Thanks for your feedback and patience with this long post.

Kevin

Edited by Kevin369
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From my experience, the fact you haven't noticed coolant on your garage floor isn't surprising. When the tank fails, the coolant loss is immediate and dramatic. By the time I got my '99 home (less than 5 miles) there was barely a trickle coming from the bottom of the car.

This is what I did and it seemed to help pinpoint the problem..

- Remove your engine cover

- Remove all carpet (and the black styrofoam liner underneath) from the trunk.

- Refill your tank to spec with the coolant and water @ 50/50

- Install the new (.01) cap. You'll want it anyway

- Start you car and park it on a level surface

- Bring the car to temperature

- Run it for at least 20 minutes to build pressure

Look for either; coolant dripping from the bottom side of the tank, or escaping from a compromised hose in the engine compartment.

When coolant gets on the trunk floor it drains down through a small hole and ends up dripping off the right rear jacking point. If the leak had been small for some time, you may not have noticed a few drips in front of the tire and the styrofoam insert prevents it from staining the carpet. Coolant usually takes some time to evaporate, but if temperatures have been as high as you say, and your don't spend much time on the passenger side, you probably wouldn't have noticed. When the coolant dried next to my car, there was almost no residue.

Tank replacement is difficult, not impossible. The local shops in San Diego wanted around $750, I did my own for about a third of that.

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Thanks openwater. I'll be heading over to the dealer to pick up a new cap and some coolant. They have seven of the newer caps in stock. Does that mean they need stock for common replacements??? I'm going to do as you suggested and refill the coolant and watch it.

I did pull up the carpet and the black foam in that corner of the trunk and it looked coolant free so at this point I don't think it's a leaky resevoir. I shall see though and post my findings.

Thanks again.

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One other thing to check... If the cap failed there should be some residue under the black plastic insert that covers the cooling system bleeder valve. Remove the coolant and oil filler caps, pull it up and see if there's any evidence. My '99 had some residue in the opening of the overflow outlet which is in the middle of the tank, below the cover...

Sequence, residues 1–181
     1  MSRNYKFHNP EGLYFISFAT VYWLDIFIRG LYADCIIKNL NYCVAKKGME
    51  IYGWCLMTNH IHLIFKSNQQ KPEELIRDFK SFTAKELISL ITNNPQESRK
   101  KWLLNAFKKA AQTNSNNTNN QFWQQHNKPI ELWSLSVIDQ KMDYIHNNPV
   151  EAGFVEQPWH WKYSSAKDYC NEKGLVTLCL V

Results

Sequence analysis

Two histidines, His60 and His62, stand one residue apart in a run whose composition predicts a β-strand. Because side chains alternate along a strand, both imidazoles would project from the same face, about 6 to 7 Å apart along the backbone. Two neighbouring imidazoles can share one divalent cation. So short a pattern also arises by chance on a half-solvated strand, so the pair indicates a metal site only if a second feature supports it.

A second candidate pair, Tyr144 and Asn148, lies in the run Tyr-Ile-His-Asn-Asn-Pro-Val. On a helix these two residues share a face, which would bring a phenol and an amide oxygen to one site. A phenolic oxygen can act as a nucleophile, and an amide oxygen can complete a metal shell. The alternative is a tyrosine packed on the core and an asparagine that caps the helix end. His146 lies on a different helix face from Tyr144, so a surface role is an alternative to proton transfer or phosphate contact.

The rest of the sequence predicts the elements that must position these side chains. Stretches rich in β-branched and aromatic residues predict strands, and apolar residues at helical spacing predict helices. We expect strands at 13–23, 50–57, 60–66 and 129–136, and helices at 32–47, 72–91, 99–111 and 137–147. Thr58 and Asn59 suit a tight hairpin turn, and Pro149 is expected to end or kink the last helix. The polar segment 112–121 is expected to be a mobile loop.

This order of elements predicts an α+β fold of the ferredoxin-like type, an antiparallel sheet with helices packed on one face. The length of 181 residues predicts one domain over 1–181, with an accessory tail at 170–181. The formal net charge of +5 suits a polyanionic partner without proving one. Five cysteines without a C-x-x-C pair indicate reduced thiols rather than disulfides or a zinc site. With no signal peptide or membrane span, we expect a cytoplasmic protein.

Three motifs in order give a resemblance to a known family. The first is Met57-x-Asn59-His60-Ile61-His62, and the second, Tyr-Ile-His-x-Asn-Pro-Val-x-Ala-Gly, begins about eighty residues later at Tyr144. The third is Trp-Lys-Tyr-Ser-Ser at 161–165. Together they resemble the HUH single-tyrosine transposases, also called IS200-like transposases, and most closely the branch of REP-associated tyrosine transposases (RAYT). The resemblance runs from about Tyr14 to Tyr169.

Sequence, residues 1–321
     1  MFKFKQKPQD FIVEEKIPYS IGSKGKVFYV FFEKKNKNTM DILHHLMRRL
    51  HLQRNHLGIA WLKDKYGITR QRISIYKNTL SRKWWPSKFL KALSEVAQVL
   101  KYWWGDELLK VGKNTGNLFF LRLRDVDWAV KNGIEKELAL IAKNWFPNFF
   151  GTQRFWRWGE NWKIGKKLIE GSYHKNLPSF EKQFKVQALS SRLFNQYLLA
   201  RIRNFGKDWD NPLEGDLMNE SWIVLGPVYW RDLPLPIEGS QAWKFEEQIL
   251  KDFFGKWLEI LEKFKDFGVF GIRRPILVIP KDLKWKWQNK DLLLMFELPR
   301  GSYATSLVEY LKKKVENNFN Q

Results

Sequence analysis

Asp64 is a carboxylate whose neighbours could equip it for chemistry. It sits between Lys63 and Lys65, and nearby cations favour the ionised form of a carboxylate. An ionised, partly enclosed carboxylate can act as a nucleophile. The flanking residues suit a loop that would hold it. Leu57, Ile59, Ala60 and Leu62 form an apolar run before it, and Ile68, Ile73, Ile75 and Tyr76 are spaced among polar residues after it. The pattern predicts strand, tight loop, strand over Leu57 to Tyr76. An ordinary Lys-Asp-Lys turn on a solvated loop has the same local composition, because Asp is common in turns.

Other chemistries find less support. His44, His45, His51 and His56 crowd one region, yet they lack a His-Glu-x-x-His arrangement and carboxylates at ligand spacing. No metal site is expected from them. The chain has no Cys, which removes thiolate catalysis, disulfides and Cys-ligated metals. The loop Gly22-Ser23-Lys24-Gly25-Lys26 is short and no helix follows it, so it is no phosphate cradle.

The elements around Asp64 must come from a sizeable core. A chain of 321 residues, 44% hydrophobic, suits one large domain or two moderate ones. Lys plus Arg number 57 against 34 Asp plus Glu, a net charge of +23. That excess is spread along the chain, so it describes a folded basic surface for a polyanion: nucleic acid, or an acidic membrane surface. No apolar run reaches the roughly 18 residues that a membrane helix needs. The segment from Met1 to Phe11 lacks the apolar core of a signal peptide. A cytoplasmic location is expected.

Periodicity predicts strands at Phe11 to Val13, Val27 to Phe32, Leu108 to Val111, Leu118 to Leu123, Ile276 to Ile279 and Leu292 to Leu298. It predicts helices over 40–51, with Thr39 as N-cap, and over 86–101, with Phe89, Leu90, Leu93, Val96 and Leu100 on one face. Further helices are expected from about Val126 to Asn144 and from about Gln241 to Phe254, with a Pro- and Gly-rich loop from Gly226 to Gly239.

Also, not sure how far below the 'Min' mark requires the bleeding of the system. If you need to do so this link has instructions.

http://www.dietersmotorsports.com/tech/tech9-03-2003.htm

I had to bleed my system twice to get a stable reading.

Steve

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We had a cooling tech session in January at an independent shop. This shop has put on several tech sessions for us over the years. They do work on cars that are out of warranty. The owner said they have been replacing the 00 caps with the newer 01 caps. They even test the 01 cap before they put it in just to make sure. I have a January 1997 so I do not even have a 00 cap. My cap has the VW/Audi logo and part number on it like the early cars.

Any decent radiator shop can pressure test the cooling system and cap if you do not want to pay Porsche dealer prices. Just tell them it is really a VW. Peace of mind if you want to rule out a cooling system leak.

You would not need to bleed unless the coolant level has fallen below the height of the motor or something else is going on

post-24-1087936061_thumb.jpg

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Update:

Got the new version of the coolant cap ($19). It's interesting in that it has a sort of sleeve on the underside and there is some play between it and the rest of the cap and it looks like there is a hard plastic gasket up inside the cap as well. The old one is solid. I refilled the coolant 50/50 Porsche coolant ($10/liter) and distilled water. Incidentally, before I did this I removed the plastic piece that has the raised writing on it. I did notice some coolant and condensation below where that plastic piece was. There wasn't much but there was enough to see and wipe up. I also removed enough of the carpet and foam to watch for a resevoir leak.

After I filled and capped, I ran the car for about 20 minutes and watched for leaks. Nothing. Nada. Zippo. There was nothing around the resevoir, trunk, no drips from underneath, and nothing seemed to be coming from the underside of the engine. (I slid underneath and watched.)

When I shut it off, I waited a couple of minutes and then open the coolant cap. Whoosh! There was a pronounced release of pressure. I then reinstalled the old cap and started it back up. I let it idle for a little while before shutting it off and removing the old cap. Pssst. There was just a little rush of air but it was barely noticeable. I realize that not quite as much pressure may have been built up the second time because I didn't run it quite as long but I am thinking that my problem is tied to the old cap. At least that is my hope as opposed to coolant leaking into the engine. Bad, bad, bad. (There was a Boxster and a 996 at the dealer for new engines for this exact problem.) I think that if the old cap was bad and while the car was running, there was enough opportunity for coolant to escape/evaporate. I am told that once that happens it happens fairly quickly.

For now I am going to run the car and just monitor the coolant level. Wish me luck.

Edited by Kevin369